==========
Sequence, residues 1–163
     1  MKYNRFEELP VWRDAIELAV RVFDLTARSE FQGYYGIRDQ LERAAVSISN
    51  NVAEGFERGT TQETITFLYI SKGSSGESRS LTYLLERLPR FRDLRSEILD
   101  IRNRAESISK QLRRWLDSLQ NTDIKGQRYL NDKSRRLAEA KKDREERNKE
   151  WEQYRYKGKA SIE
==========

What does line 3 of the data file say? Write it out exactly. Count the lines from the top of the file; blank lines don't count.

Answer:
    51  NVAEGFERGT TQETITFLYI SKGSSGESRS LTYLLERLPR FRDLRSEILD